The New York Giants will try to get their offense going early and keep the Dallas Cowboys from establishing their running game as the NFC East rivals meet with first place on the line at Giants Stadium.
New York and Dallas are locked in a tie for first place in the NFC East with identical 7-4 records. The Cowboys hold the tiebreaker after beating the Giants in overtime, 16-13, in a mistake-filled game back on Oct. 16.
“This is a huge game,” said New York tight end Jeremy Shockey. “This is the ‘Game of the Year’ for the Giants. Dallas is prepared and I promise that we’ll be ready.”
Late comebacks and narrow defeats are becoming trademarks for the Giants, who have lost two of their last three games by a combined six points.
Quarterback Eli Manning has shown a knack for guiding New York into scoring position late in games, but the Giants’ offense has not played with the same sense of urgency during the first three quarters.
“If we’d start the same way, we wouldn’t be in the same situations we are in,” New York running back Tiki Barber said Wednesday. “We should be able to play with offensive urgency and consistency that allows these games to not have to come down to the last two minutes.”
In their first meeting with Dallas, the Giants tied the game in the final seconds only to have the Cowboys get the ball first in overtime and win on a 45-yard field goal by the since-released Jose Cortez.
The Dallas loss is part of a pattern in which the Giants have moved the ball effectively when they have had no choice: in late fourth-quarter touchdown drives that tied games against Dallas, Minnesota and Seattle and won a game against Denver. The first three games were all losses.
“That’s been our M.O.,” said Barber. “When we have to score, we do it. But it should never come to that.”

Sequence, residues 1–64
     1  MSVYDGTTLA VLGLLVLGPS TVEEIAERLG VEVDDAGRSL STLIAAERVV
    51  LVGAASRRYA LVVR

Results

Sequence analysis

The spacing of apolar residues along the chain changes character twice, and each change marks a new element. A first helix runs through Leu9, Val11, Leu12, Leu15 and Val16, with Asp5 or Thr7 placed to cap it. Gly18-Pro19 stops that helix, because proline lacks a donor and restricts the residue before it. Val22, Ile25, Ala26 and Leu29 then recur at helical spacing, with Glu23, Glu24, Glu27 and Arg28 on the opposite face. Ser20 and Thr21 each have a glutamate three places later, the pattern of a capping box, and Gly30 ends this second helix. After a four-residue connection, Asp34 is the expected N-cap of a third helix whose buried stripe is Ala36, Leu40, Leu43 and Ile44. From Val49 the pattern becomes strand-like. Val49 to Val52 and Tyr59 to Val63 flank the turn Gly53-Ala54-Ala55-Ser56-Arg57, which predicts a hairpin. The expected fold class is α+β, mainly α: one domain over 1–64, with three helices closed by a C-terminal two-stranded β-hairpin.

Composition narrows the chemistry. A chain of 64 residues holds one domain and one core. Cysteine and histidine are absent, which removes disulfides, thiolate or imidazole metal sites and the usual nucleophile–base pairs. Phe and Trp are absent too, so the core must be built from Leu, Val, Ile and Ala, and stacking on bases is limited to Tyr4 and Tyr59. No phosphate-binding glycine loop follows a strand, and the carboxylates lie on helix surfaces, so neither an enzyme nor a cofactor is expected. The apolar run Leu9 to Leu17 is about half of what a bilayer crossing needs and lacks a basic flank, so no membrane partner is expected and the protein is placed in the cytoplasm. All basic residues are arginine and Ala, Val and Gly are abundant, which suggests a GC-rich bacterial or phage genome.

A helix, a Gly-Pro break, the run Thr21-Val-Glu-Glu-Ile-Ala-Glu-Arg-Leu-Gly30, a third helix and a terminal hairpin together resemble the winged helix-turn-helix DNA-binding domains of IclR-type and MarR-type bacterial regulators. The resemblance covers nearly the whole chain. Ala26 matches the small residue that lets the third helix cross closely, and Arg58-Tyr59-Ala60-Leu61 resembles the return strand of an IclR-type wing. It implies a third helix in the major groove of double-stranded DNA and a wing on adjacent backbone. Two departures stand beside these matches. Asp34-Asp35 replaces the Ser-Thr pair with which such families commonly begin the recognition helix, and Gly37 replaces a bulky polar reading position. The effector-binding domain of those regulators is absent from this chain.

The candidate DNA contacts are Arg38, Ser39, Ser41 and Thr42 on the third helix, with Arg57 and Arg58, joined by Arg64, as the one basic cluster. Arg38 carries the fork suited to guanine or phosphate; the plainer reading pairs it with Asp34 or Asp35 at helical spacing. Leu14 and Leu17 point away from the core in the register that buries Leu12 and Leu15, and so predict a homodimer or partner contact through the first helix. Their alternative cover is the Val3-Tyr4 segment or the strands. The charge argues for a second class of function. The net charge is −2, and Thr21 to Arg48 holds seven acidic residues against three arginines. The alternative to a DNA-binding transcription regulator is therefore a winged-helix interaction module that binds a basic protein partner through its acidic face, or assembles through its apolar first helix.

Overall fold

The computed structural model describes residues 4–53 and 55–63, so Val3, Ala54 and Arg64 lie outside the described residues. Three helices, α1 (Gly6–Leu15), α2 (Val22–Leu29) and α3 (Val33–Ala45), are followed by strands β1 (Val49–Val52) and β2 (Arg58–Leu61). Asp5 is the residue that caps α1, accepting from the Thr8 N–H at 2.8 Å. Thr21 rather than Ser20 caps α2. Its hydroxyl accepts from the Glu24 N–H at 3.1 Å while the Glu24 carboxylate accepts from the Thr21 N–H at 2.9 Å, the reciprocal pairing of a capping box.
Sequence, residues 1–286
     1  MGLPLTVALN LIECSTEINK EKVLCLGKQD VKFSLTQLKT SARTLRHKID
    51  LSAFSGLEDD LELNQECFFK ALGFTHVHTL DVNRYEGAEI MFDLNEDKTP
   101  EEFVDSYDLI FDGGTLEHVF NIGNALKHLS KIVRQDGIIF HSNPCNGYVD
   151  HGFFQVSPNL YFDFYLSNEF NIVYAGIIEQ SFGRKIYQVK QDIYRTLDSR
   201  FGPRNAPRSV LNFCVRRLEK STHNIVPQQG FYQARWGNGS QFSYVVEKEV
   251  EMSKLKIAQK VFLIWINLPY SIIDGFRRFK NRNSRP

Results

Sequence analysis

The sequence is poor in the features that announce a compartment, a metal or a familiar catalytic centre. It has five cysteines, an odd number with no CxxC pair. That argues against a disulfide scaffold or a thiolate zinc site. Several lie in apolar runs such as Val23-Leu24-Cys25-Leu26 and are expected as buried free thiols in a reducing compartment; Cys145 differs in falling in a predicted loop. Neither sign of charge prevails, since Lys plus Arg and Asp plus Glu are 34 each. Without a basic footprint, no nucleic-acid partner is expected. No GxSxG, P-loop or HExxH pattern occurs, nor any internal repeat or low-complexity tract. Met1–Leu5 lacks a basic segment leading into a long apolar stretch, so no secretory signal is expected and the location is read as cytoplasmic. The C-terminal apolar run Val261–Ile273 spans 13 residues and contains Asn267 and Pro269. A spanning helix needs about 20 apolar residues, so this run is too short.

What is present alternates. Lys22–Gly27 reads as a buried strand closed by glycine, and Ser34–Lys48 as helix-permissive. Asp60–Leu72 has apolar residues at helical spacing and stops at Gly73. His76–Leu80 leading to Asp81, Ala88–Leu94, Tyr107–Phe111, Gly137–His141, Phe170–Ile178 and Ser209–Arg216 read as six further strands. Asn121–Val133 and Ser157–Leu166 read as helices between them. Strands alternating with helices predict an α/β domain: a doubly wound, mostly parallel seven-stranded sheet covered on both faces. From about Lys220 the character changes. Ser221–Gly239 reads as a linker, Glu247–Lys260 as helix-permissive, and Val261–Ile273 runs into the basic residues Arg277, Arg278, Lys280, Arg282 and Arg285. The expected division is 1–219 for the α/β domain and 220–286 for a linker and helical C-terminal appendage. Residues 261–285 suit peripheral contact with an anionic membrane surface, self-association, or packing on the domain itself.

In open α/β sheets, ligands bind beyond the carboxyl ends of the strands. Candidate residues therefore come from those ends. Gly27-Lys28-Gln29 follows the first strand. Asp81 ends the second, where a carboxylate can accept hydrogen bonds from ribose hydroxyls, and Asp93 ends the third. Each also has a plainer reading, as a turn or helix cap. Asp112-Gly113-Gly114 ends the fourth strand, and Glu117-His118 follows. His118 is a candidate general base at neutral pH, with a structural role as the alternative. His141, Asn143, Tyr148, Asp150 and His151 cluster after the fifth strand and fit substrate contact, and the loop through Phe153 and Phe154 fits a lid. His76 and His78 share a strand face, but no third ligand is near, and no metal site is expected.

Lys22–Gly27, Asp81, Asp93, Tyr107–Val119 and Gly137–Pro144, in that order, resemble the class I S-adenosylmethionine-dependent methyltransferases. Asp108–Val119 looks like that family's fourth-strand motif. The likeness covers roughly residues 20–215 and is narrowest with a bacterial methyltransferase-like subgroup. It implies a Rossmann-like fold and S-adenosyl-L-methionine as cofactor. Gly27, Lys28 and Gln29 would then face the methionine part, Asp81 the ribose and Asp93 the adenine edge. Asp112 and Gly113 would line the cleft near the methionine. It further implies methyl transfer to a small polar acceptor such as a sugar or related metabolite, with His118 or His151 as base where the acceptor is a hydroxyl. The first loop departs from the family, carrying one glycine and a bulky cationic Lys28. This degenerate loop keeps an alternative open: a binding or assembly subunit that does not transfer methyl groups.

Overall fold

Giants kicker Jay Feely missed three field goals, including two in overtime, as New York fell to the Seattle Seahawks 24-21 last Sunday. The Giants committed 11 false-start penalties, squandering a chance to take sole possession of first place.
“You look at the numbers we put up, offensively and defensively, and you say, `How do we lose the football game?”’ said wide receiver Plaxico Burress. “It’s mistakes. That’s how it happens in this business. Going into the last part of the season, those things have to be eliminated.”
The Giants are the third-most penalized team in the NFL this season.
Dallas must get its struggling ground game going against the Giants to take pressure off quarterback Drew Bledsoe against New York’s improved pass rush.
“The run game isn’t exactly what I’d like it to be, but I think the potential to have a good running game is here,” Cowboys coach Bill Parcells said Wednesday. “Although our numbers are not good, the running game has contributed significantly to our record.”
Giants defensive end Michael Strahan and Osi Umenyiora have been relentless on quarterbacks this season. Strahan has 7.5 sacks and Umenyiora leads the team with 10 after beating Seahawks All-Pro tackle Walter Jones for two last weekend.
“I understand the way we’re trying to play here, I really do,” Bledsoe said. “Do I want to drop back and throw it a bunch? Yeah, that’s fun … At the same time, you do that, you bring a lot of risk into the game that you don’t want to have.”
The Cowboys, who average 34 rushing plays per game, lead the NFL in time of possession at 33 1/2 minutes. Dallas will continue to be stubborn about running the ball, even if the yards aren’t overwhelming (116.9 yards per game).
“You choose to do things for reasons other than what appears to be,” Parcells said. “You choose to do things strategically not only to combat your opponents but to attempt to assist your own people.”
The Cowboys have their two lowest rushing totals of the season in the three games since Julius Jones returned from an ankle injury.
The Cowboys had a season-low 58 rushing yards against Philadelphia, then after 149 yards against a Detroit team missing several defensive starters, had 85 in a 24-21 overtime loss to the Denver Broncos on Thanksgiving.